Some kind of weird thing happened that Christmas. The Presto Paints came, but Bonita’s name was on them. The six-shooter, Bonita asked for had Deanna’s name on it. Deanna got something Vickie asked for, and Vickie got a Tonka Dump Truck. And poor Loren Dee-Dee-Bopper got knee-socks that wouldn’t fit him for years. He was just a baby, who barely knew how to walk, so he never even noticed; he just played with Vickie’s Tonka Truck. Santa’s list got all mixed up somehow, anyways, that’s what Mom said, when Bonita’s big brown cow-eyes got all brimming over with tears, and Deanna’s rose-bud lips turned down in a frown. I cried about a lot of things, but that day, I forgot to be sad, ’cause it was a mystery how Santa could have made a mistake with the Presto Paints. I was really clear about that: in my letter and on his lap, and talking out-loud about it to everyone, just in case anybody wanted to put a good word in for me. Teacher knew I wanted Presto Paints. Even Jesus knew, ’cause after prayers, I asked him to bless everyone, and I asked him to make sure Santa remembered the Presto Paints. Besides, Bonita never even liked to color all that much.
I figured out what went wrong, ’causes I was good at puzzles – very, very good. Mom and Dad went over to Mr. and Mrs. B’s Christmas Eve. Mr. B worked for Ma Bell, just like Dad and Mrs. B stayed home and made sure everything ran like clock-work, just like Mom. Only Mrs. B had two kids, so she had lots of free time on her hands, for planning parties and making cocktails. My mom was way too busy with diapers and cooking and sewing, and teaching kids prayers, and listening to times tables and spelling words, and even writing stories down for kids with her squiggly secretary writing that no one but she could understand. She never planned parties or made cocktails.
I heard Mom giggling and whispering when she and Dad came home. I always slept with my ears open on Christmas Eve. Dad said stuff to Mom in his down-low voice that felt just like a hug with words. All that giggling and down-low talking usually made me feel super good inside, but it was way past bedtime, even past The Tonight Show, when those two got home from Mr. and Mrs. B’s. Santa was on his way, and if those two didn’t get to bed, and go to sleep, he might just pass us by.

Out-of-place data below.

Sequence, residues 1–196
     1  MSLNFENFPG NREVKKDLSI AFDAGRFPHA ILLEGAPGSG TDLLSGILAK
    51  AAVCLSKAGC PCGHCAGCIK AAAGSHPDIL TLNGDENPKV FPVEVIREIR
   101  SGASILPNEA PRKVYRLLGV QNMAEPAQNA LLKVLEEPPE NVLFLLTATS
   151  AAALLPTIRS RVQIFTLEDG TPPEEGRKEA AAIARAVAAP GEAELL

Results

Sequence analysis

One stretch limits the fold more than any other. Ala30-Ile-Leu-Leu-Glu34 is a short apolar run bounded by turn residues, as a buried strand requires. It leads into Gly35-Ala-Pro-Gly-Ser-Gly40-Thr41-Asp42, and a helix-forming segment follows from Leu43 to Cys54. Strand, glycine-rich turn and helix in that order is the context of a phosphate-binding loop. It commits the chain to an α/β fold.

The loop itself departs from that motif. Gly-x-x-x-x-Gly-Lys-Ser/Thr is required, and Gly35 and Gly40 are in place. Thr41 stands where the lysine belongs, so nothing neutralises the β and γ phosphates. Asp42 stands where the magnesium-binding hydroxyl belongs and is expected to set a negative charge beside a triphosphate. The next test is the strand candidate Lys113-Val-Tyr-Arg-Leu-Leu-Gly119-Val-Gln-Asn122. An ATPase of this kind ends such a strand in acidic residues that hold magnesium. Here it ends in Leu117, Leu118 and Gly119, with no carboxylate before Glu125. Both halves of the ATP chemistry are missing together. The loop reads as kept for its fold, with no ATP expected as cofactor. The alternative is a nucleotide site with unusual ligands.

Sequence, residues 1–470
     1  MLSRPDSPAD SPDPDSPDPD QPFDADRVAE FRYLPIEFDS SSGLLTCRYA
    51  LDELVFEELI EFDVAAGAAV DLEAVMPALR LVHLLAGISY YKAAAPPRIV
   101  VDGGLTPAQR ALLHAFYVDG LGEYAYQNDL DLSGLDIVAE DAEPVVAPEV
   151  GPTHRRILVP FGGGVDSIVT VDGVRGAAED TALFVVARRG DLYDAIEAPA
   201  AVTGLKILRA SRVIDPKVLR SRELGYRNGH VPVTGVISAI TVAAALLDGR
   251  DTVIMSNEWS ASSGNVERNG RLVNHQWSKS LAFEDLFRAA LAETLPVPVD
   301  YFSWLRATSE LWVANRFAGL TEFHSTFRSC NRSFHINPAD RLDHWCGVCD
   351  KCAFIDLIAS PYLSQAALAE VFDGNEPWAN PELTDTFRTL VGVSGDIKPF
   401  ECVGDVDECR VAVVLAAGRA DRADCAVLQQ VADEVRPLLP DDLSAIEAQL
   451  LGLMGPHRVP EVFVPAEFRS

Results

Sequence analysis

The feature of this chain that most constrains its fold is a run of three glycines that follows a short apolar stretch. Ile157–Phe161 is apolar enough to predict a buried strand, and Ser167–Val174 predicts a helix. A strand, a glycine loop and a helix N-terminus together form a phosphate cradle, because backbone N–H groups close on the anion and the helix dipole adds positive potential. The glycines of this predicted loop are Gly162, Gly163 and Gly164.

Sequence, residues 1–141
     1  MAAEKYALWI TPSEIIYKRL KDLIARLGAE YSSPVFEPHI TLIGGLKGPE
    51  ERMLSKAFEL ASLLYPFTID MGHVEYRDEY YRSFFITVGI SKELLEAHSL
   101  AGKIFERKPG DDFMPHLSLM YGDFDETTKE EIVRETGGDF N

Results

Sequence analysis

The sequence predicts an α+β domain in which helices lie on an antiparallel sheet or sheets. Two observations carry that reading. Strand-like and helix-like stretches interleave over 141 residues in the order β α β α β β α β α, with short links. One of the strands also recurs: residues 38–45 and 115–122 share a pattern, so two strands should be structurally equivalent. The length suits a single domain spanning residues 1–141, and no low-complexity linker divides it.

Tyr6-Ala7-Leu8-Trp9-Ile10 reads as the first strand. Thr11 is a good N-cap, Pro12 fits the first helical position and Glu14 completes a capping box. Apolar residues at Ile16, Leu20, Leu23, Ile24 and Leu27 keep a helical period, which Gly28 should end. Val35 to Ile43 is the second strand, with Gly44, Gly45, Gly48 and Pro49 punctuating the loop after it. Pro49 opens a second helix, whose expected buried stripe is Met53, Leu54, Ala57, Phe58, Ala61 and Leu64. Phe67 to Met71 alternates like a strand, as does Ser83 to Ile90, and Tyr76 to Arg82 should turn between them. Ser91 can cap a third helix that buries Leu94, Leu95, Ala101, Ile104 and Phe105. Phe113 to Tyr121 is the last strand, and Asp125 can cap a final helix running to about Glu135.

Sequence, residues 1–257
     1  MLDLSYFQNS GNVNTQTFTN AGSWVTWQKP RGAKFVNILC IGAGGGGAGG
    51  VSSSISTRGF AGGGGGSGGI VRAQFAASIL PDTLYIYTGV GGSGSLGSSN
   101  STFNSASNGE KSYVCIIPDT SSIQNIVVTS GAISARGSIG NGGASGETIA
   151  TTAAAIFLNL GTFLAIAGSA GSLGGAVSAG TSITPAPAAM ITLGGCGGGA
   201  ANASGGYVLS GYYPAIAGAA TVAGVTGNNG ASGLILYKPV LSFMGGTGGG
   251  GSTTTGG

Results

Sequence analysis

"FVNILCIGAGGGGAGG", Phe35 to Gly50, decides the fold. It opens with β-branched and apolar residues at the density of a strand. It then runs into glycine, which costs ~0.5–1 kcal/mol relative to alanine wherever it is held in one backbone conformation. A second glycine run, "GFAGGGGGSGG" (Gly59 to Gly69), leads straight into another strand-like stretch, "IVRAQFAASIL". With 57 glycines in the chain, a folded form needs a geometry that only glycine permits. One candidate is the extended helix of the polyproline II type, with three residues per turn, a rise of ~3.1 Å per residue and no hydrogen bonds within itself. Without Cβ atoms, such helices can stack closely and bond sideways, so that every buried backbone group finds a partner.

Santa must’ve got in too much of a hurry, and made a bunch of mistakes when he dropped things off. Mom said hurrying always led to mistakes. She was all the time telling me to take my time with stuff and to be patient, especially with myself. Mom should have stayed home and skipped the party and cocktails, then Santa would’ve had more time to get it right. She laughed out loud when I told Mom I got it all figured out. Dad rubbed the back of his neck and one of his smiles slid up one side of his face and across his eyes. He looked down at me and said I was a pretty smart little girl, which he said before, so I already knew. Still, I never got tired of hearing that one. Mom just nodded and rubbed her fingers into the sides of her face.
Bonita had about as much use for Presto Paints as Deanna did for a six-shooter. We didn’t exactly trade gifts, ’cause Santa knows what kids want, even if the kids get confused about it. Still, Bonita let me use the Presto Paints anytime I wanted, without even asking. That’s for sure part of why Bonita always was my best-friend-sister. I was right, I got be pretty good at Presto Painting and my face and clothes stayed clean as a whistle. Plus, Presto Paints smelled good, not at all like India Ink.
I never did get good at painting. I did learn to be patient and trust that most of the time I still get exactly what I need. Even when I’m too foolish to ask for it; even when I fail to realize I already have everything I really need: Gentle advice, a slow smile, some low-down talk to match my giggle, and trust that I really do know what I’m doing. Even if I am still a lot like that little girl with the curl.